This heritable condition results from a gene mutation that leads to progressive degeneration of specific areas of the brain controlling balance, gait and eye movements.
By age 40 years most individuals have difficulty sitting still and walking. These symptoms worsen slowly and some need walking assistance by the age of 50. Slurred speech (dysarthria) is often noted about the same time. Nearly all patients have the to-and-fro motion of ‘dancing eyes’ (nystagmus) but nothing is known about vision. A few complain of sensory changes such as alterations in touch and muscle weakness has been noted in several individuals as well.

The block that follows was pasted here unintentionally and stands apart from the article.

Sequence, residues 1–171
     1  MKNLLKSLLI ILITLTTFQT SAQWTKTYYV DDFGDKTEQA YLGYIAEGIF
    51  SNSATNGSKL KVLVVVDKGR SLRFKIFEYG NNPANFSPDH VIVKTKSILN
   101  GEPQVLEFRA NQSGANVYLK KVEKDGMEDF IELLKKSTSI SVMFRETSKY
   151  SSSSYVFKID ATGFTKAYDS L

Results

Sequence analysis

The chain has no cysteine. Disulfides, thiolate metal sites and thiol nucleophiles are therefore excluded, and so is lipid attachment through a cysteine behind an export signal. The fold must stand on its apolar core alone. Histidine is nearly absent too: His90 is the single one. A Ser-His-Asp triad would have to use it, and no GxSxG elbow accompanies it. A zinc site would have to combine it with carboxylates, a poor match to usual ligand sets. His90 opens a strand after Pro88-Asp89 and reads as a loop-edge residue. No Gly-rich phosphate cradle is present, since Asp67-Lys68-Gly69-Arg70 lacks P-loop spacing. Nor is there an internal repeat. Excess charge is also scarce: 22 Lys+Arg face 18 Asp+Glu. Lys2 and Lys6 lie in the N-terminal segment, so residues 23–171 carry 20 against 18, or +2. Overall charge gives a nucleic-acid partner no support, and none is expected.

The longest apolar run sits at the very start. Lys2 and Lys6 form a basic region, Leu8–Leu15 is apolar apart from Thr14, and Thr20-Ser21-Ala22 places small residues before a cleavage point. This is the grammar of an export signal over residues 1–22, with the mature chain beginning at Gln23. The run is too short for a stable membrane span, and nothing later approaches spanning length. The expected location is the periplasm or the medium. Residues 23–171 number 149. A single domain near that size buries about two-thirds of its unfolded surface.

This is an autosomal dominant condition passed directly from parent to child with a 50% probability.
The diagnosis is most likely to be made by a neurologist. No treatment is available but patients may benefit from physical therapy and devices for mobility assistance. Longevity does not seem to be impacted.